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Mobile devices, while insanely portable and convenient, are not perfect. They can easily create about as many problems as they solve, thanks to their numerous limitations. Battery life doesn't always last throughout the entire day and can leave you without any form of communication hours before you make it back home; wireless coverage can quickly turn from perfect to spotty in a matter of seconds; and often, the software on mobile devices isn't able to handle all of the work our home computers are capable of (yet).

When it comes to electronics, though, especially touchscreen devices, everything hinges on the functionality and quality of the display – its size, sensitivity, responsiveness, and particularly its brightness.

In most cases, any old display will do. If you're always indoors, you probably keep your phone's display at or below medium brightness. Chances are, most of you set the display to auto-brightness when you first got your phone or tablet and have never given it second thought.

But it never fails. The moment I step outside, I have to stop and adjust my display brightness just so I can see and use my phone.

The automatic brightness setting that comes on just about every phone will usually do the trick. However, I've noticed that on the iPhone, that particular setting is extremely conservative (pro-battery life) and never adjusts to full brightness, even when you're outside in direct sunlight. And the Android phone I'm currently using, the Galaxy Nexus, is running a custom ROM, and the automatic brightness setting doesn't even work. Despite the ability to have the brightness adjust itself based on the current lighting, I always find myself having manually adjust it anyway. (I am ever-thankful for the Power Control widget in Android.)

Some display technologies are better than others in direct sunlight, like displays with higher contrast levels. ASUS claims that the display on the Transformer Prime, which is a Super IPS+ display, is better for outdoor viewing than your average tablet due to it being 40% brighter. Sure, it's a little better, but it's still extremely reflective and the added brightness comes at the sacrifice of battery life. Once you enable the "IPS+" or "Outdoor" mode on the Prime's display, you can watch the battery percentage drop.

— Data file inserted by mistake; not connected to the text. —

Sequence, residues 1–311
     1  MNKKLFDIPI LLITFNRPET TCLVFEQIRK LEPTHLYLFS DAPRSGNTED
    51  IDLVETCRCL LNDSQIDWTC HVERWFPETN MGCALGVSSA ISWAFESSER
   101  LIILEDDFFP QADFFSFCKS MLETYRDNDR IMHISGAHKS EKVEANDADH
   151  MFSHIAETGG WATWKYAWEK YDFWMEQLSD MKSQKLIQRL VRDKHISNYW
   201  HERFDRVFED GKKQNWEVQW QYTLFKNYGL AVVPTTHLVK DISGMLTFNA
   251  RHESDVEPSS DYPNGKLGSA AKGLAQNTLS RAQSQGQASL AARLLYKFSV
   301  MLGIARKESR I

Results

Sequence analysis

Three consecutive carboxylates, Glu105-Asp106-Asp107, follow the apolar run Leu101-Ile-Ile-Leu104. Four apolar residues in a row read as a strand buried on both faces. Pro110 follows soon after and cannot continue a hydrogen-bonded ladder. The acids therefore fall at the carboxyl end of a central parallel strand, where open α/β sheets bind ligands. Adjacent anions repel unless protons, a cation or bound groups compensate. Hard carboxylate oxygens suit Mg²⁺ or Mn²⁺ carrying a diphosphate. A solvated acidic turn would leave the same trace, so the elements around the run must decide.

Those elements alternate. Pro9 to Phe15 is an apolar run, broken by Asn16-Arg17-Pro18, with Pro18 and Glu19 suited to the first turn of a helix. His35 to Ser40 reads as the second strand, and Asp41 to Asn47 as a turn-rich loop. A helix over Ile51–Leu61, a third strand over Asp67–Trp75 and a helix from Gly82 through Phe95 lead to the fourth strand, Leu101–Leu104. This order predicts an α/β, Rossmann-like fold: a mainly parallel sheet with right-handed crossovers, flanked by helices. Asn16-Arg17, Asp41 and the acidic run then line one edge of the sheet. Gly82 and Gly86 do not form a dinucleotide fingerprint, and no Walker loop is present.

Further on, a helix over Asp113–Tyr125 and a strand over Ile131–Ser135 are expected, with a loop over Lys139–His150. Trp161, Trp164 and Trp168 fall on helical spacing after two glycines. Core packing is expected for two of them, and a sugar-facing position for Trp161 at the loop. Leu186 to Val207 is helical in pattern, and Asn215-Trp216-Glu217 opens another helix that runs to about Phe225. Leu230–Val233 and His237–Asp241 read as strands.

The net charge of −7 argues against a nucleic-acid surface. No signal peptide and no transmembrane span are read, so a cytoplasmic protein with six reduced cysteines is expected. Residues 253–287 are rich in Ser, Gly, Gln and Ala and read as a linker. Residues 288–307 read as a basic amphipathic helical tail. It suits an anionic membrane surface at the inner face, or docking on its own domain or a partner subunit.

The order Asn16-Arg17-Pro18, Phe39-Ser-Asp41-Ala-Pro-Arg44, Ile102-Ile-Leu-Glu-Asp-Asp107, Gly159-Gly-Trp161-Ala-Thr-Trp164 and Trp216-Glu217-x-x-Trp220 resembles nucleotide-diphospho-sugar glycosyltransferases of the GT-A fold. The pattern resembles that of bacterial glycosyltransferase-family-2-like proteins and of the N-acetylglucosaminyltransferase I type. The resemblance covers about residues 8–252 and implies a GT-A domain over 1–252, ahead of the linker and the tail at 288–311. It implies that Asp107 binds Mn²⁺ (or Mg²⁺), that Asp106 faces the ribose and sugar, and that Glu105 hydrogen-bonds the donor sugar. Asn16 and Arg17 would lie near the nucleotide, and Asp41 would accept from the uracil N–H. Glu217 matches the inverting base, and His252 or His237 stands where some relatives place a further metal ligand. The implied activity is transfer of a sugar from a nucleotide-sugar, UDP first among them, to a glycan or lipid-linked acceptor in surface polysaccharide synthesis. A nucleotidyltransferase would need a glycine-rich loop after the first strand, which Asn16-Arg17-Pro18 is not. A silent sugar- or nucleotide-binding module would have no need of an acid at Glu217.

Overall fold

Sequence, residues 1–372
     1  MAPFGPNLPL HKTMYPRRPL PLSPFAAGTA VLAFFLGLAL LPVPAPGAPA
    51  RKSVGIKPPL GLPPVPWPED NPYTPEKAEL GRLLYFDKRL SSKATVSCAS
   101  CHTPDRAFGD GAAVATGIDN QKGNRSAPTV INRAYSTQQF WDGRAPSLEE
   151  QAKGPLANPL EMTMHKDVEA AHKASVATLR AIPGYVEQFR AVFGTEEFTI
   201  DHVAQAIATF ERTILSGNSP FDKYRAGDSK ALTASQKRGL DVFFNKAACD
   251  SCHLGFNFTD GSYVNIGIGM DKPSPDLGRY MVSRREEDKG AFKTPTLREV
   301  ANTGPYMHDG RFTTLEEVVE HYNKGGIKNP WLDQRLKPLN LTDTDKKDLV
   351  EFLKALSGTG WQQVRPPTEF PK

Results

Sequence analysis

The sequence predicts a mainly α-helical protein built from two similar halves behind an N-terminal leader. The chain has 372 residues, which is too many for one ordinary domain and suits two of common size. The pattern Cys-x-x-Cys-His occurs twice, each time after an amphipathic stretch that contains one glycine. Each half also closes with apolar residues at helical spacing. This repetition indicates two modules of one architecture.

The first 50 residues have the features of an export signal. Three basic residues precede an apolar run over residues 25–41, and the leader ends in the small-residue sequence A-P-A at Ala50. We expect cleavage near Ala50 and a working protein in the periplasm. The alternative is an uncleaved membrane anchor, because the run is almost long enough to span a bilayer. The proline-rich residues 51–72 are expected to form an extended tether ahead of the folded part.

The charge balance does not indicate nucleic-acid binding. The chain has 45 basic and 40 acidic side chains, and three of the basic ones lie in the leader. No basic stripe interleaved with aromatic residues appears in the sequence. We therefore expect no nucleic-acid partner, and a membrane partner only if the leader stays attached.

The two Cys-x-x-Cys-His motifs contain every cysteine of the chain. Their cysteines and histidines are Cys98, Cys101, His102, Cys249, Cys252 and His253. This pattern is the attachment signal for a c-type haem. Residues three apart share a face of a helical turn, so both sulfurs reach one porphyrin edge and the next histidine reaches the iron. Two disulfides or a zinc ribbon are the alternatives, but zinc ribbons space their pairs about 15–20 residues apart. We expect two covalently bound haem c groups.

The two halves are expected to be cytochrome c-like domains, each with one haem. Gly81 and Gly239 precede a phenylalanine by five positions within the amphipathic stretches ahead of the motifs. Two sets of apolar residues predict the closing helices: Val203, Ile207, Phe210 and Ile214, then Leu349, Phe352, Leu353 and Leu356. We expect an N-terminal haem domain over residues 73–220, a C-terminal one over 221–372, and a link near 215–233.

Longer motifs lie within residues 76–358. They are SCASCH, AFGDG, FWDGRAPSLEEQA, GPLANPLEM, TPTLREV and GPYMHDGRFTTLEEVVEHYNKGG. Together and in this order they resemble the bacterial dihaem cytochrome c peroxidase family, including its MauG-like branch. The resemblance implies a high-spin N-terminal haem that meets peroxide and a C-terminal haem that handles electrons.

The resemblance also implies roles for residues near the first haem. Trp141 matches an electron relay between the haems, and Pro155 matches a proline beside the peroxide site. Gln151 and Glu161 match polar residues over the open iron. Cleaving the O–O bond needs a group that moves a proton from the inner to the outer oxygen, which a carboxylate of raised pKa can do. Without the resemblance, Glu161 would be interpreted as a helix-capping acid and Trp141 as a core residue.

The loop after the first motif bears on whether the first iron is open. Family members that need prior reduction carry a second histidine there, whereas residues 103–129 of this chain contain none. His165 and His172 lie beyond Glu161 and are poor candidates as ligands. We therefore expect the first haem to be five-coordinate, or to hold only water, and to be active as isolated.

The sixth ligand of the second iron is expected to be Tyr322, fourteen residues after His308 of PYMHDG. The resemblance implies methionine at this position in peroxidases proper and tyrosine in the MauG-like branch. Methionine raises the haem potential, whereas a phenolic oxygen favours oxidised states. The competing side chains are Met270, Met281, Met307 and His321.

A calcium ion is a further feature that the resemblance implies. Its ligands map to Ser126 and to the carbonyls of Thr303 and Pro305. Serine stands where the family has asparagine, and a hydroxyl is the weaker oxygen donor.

Regardless, if it is a moderately bright day outside, it can be extremely difficult to distinguish what is on the display – even when turning the brightness up all the way.

Generally, an overly reflective display doesn't bother me too much, as I spend a great deal of my time indoors. And by the time I finish working or go out for a run, the sun is down anyway. But the weather is warming up and I'm living in a quiet neighborhood (instead of a noisy apartment) in a house with a nice (and tiny) porch. It's calming to sit outside and work, and I've noticed that it boosts my productivity nearly tenfold. Not to mention, it's less distracting to have my hyperactive dog run around chasing birds in the front yard while I work rather than him constantly pawing at my leg and whining because I won't pay him any attention.

In other words, I've started to really enjoy sitting outside while I work. However, neither the Prime or MacBook perform particularly well outdoors. And I can forget checking my phone without shielding it from the sun with my hand. Even on an overcast day like today, I find myself squinting at the displays of my MacBook and Prime with the brightness turned all the way up. It's not so much the brightness as it is the reflectiveness of the glass.

I know there is research being done in this area, but there hasn't been any notable progress to make it to consumers' hands as of yet, aside from Pixel Qi's low power displays in the Notion Ink Adam tablets. And I hardly count simply making a brighter display a solution. It's a half-hearted fix that only barely patches one problem and causes another (severe battery drain).

Tell me, readers, does it frustrate you when you can't use your smartphone in direct sunlight? Do you have any tricks, aside from the hand-visor method, that make viewing your phone in bright conditions any easier? Would you consider a tablet with a Pixel Qi display simply for the low power consumption and readability in bright sunlight?

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